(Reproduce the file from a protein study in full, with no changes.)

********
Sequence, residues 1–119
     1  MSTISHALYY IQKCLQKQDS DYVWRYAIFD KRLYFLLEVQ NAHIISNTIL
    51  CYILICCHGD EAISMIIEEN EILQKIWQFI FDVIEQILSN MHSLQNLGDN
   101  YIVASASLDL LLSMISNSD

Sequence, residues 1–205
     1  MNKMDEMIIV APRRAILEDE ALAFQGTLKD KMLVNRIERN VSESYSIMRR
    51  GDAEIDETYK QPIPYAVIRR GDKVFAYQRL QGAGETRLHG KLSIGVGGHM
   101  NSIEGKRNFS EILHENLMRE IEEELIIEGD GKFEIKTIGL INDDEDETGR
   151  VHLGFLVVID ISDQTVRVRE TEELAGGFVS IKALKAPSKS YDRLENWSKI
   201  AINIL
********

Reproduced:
Sequence, residues 1–119
     1  MSTISHALYY IQKCLQKQDS DYVWRYAIFD KRLYFLLEVQ NAHIISNTIL
    51  CYILICCHGD EAISMIIEEN EILQKIWQFI FDVIEQILSN MHSLQNLGDN
   101  YIVASASLDL LLSMISNSD

Sequence, residues 1–205
     1  MNKMDEMIIV APRRAILEDE ALAFQGTLKD KMLVNRIERN VSESYSIMRR
    51  GDAEIDETYK QPIPYAVIRR GDKVFAYQRL QGAGETRLHG KLSIGVGGHM
   101  NSIEGKRNFS EILHENLMRE IEEELIIEGD GKFEIKTIGL INDDEDETGR
   151  VHLGFLVVID ISDQTVRVRE TEELAGGFVS IKALKAPSKS YDRLENWSKI
   201  AINIL